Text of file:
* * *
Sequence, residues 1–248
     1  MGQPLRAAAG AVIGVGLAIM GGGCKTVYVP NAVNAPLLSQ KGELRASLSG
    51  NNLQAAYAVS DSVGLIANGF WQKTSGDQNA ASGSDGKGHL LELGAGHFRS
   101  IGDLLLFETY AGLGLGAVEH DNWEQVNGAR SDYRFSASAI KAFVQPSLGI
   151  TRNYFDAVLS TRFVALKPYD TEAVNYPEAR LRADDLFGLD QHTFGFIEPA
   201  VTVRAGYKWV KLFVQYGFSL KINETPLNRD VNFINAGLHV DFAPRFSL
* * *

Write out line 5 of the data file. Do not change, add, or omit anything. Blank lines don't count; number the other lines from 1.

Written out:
   151  TRNYFDAVLS TRFVALKPYD TEAVNYPEAR LRADDLFGLD QHTFGFIEPA